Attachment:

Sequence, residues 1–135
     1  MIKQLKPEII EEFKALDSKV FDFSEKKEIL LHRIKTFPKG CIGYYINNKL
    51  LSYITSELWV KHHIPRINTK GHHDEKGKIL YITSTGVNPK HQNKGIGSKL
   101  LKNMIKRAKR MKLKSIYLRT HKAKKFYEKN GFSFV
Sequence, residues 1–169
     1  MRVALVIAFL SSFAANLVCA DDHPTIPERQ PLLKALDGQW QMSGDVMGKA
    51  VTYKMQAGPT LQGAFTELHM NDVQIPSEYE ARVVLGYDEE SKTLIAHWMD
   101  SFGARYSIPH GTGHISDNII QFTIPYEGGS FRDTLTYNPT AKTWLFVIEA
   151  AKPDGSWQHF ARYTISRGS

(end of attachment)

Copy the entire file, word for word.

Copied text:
Sequence, residues 1–135
     1  MIKQLKPEII EEFKALDSKV FDFSEKKEIL LHRIKTFPKG CIGYYINNKL
    51  LSYITSELWV KHHIPRINTK GHHDEKGKIL YITSTGVNPK HQNKGIGSKL
   101  LKNMIKRAKR MKLKSIYLRT HKAKKFYEKN GFSFV
Sequence, residues 1–169
     1  MRVALVIAFL SSFAANLVCA DDHPTIPERQ PLLKALDGQW QMSGDVMGKA
    51  VTYKMQAGPT LQGAFTELHM NDVQIPSEYE ARVVLGYDEE SKTLIAHWMD
   101  SFGARYSIPH GTGHISDNII QFTIPYEGGS FRDTLTYNPT AKTWLFVIEA
   151  AKPDGSWQHF ARYTISRGS